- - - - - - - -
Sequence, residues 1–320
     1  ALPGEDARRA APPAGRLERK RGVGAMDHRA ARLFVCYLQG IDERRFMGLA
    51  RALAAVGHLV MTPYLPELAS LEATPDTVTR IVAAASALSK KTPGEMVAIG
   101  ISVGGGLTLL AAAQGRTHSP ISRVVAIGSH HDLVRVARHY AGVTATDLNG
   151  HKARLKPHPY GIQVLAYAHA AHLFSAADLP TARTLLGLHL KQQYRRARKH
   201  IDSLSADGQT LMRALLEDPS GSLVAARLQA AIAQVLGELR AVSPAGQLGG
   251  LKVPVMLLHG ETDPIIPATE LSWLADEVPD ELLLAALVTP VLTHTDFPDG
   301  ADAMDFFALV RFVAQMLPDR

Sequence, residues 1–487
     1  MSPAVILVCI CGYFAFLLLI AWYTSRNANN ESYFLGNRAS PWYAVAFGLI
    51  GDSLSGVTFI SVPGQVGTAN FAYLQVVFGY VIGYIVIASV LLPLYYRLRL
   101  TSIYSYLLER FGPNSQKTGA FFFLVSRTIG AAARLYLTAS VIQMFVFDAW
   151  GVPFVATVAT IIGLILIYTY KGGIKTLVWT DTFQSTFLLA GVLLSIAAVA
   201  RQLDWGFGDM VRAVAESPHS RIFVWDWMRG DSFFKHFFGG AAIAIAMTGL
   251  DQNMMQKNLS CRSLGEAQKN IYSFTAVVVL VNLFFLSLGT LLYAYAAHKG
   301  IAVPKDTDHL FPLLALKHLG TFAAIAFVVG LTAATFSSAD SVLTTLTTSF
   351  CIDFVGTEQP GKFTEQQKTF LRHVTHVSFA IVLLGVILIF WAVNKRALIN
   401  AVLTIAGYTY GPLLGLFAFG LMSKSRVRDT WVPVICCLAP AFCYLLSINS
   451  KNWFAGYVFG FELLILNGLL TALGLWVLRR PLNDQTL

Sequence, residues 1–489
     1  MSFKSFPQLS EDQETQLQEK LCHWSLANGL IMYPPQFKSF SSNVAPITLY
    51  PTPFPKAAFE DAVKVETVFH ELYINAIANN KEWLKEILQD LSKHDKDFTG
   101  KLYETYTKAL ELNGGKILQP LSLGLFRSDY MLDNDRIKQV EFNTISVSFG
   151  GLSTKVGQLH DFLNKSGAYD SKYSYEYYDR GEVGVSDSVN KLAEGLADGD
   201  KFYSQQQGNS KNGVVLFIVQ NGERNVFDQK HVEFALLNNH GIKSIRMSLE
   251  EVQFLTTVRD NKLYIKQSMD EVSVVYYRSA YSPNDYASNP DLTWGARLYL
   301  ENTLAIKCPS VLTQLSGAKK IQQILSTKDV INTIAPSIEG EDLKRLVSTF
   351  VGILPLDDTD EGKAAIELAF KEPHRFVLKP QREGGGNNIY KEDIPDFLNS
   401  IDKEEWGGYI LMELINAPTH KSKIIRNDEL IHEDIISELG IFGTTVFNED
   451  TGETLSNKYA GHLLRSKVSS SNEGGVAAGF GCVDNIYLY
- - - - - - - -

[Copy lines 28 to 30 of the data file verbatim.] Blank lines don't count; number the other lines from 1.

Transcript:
   351  VGILPLDDTD EGKAAIELAF KEPHRFVLKP QREGGGNNIY KEDIPDFLNS
   401  IDKEEWGGYI LMELINAPTH KSKIIRNDEL IHEDIISELG IFGTTVFNED
   451  TGETLSNKYA GHLLRSKVSS SNEGGVAAGF GCVDNIYLY